Fix for InnoDB: ERROR: the age of the last checkpoint is …

I recently have to restore production DB to local environment and I saw mysql log giving with bunch of errors like this

InnoDB: largest such row.
150817 23:22:56  InnoDB: ERROR: the age of the last checkpoint is 9440934,
InnoDB: which exceeds the log group capacity 9433498.
InnoDB: If you are using big BLOB or TEXT rows, you must set the
InnoDB: combined size of log files at least 10 times bigger than the
InnoDB: largest such row.
150817 23:23:25  InnoDB: ERROR: the age of the last checkpoint is 9439873,
InnoDB: which exceeds the log group capacity 9433498.
InnoDB: If you are using big BLOB or TEXT rows, you must set the
InnoDB: combined size of log files at least 10 times bigger than the
InnoDB: largest such row.
150817 23:23:51  InnoDB: ERROR: the age of the last checkpoint is 9442549,
InnoDB: which exceeds the log group capacity 9433498.
InnoDB: If you are using big BLOB or TEXT rows, you must set the
InnoDB: combined size of log files at least 10 times bigger than the
InnoDB: largest such row.

Well, what does all this mean?
So, as it seems, the InnoDB log file settings need to be updated. I found a listing of the steps to take on MySQL’s website. Here are those steps fleshed out a little.
1) Make sure your innodb_fast_shutdown settings is not 2To fix this, set it to one by runnning the following query:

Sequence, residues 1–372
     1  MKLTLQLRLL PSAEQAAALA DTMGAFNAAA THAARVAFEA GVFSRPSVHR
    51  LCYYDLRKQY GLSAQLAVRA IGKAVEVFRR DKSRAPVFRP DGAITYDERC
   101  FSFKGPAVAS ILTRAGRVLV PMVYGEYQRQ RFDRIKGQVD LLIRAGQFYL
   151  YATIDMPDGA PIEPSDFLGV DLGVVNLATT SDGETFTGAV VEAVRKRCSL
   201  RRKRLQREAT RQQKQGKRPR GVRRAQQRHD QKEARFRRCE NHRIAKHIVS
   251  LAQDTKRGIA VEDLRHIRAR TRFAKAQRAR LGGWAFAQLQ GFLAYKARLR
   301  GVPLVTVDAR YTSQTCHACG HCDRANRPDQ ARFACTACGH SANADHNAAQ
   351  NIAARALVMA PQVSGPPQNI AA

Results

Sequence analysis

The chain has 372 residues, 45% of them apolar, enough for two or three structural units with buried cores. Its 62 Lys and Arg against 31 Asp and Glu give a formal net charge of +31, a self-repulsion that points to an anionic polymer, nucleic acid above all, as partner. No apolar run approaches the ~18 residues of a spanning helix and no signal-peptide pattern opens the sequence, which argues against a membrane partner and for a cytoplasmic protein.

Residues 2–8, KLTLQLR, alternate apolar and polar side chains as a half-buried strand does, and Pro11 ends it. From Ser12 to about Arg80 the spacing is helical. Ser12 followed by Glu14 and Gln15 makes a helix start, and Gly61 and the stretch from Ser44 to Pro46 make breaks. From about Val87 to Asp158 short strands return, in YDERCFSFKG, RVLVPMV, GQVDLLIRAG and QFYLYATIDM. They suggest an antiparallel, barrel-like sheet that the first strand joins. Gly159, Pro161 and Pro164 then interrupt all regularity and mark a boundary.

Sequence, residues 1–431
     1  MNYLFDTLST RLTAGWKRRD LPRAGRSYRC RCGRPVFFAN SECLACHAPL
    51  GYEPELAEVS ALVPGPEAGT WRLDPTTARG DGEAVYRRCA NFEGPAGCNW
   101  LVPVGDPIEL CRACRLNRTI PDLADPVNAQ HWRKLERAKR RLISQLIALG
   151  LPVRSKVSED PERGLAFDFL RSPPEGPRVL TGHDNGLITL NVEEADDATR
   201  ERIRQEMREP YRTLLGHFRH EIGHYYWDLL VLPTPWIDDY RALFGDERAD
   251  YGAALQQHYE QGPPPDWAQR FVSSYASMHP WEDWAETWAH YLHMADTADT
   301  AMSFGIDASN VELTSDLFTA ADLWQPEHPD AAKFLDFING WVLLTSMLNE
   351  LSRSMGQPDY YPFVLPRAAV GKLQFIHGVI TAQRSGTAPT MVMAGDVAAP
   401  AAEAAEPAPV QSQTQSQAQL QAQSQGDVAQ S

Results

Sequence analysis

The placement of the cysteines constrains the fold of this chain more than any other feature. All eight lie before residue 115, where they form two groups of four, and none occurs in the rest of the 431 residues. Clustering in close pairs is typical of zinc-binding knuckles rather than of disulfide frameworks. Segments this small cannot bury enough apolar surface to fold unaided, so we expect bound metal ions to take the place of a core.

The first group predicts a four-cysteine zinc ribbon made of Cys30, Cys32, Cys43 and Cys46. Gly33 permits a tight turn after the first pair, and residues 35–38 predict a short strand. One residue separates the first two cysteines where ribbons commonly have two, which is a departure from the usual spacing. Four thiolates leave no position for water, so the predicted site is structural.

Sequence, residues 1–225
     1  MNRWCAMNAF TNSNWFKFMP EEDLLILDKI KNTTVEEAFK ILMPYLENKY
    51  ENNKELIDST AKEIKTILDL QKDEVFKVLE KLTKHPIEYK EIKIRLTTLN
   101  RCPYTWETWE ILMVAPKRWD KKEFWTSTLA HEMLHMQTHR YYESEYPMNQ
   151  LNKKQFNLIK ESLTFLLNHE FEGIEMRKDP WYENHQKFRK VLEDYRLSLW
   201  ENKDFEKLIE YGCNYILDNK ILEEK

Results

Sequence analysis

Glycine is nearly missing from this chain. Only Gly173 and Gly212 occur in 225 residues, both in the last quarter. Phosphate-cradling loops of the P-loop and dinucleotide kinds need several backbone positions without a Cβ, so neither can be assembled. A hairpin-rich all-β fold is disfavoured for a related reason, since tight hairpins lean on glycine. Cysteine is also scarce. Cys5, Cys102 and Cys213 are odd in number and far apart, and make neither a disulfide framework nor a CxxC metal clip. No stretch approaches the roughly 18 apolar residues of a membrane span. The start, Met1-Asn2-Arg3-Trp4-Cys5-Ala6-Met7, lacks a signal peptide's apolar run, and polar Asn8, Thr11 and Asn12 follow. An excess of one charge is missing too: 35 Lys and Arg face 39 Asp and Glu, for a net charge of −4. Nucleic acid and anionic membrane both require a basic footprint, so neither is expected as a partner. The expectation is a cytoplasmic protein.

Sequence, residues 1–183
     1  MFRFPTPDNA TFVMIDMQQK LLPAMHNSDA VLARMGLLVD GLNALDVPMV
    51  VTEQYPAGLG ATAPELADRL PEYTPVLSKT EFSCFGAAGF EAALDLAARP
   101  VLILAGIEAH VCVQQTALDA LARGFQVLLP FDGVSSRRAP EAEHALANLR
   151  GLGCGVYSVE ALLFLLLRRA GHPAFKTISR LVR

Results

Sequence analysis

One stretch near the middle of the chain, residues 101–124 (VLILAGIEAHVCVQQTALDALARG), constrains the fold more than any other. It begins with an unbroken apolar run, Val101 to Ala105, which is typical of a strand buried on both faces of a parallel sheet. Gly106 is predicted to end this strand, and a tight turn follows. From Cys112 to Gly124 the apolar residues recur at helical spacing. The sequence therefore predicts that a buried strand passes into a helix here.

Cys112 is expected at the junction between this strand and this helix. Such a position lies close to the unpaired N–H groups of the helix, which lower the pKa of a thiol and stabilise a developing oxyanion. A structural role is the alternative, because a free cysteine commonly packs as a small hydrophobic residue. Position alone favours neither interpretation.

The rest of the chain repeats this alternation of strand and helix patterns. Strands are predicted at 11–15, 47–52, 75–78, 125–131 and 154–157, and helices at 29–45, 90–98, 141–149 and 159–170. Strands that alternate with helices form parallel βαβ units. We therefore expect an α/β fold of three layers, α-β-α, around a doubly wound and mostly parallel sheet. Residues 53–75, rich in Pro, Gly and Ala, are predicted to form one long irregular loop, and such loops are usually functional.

SET GLOBAL innodb_fast_shutdown = 1;

2) Shut down mysql and look for errors in the log to make sure nothing went wrong.

service mysqld stopcat /var/log/mysql.log

3) Copy the old log files to a new place in case something goes wrong.

mv /var/lib/mysql/ib_logfile* ..
4) Next edit your /etc/my.cnf file to increase your InnoDB log size:

innodb_log_file_size = 128M

You may see people suggesting really large values for the log file size — I saw a value of 768M in one StackOverflow answer. If that seems like a suspiciously large, random value to you (especially considering the default is 5M) then you’re on to something. But that begs the question, what should the value be? Here is a helpful article on how to properly size your log files.
5) Lastly, watch your /var/log/mysql.log file and start MySQL back up.

service mysqld start

One helpful tip, if mysql gives any error then you probably tried to skip step 3, like I did. Turns out, this is an important step and your MySQL server may not even start up, without it. It’s easy to fix though, either go back and do step 3 or remove your edits made in step 4 and restart mysqld. You should be all set.
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